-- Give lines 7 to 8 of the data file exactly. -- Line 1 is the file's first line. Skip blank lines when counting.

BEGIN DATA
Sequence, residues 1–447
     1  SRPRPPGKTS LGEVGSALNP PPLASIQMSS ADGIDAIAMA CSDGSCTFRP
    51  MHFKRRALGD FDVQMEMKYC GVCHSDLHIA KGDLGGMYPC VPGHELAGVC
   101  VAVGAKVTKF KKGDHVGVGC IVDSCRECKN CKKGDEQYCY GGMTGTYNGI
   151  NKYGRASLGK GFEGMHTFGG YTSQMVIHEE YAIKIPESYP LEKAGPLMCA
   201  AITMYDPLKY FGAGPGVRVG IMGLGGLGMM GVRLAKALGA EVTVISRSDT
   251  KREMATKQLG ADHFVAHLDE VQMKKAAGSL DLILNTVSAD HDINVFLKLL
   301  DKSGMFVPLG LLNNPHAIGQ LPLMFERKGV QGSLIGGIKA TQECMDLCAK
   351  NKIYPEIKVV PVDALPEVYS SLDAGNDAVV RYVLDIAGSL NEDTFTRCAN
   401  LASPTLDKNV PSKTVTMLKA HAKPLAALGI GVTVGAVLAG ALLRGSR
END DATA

   251  KREMATKQLG ADHFVAHLDE VQMKKAAGSL DLILNTVSAD HDINVFLKLL
   301  DKSGMFVPLG LLNNPHAIGQ LPLMFERKGV QGSLIGGIKA TQECMDLCAK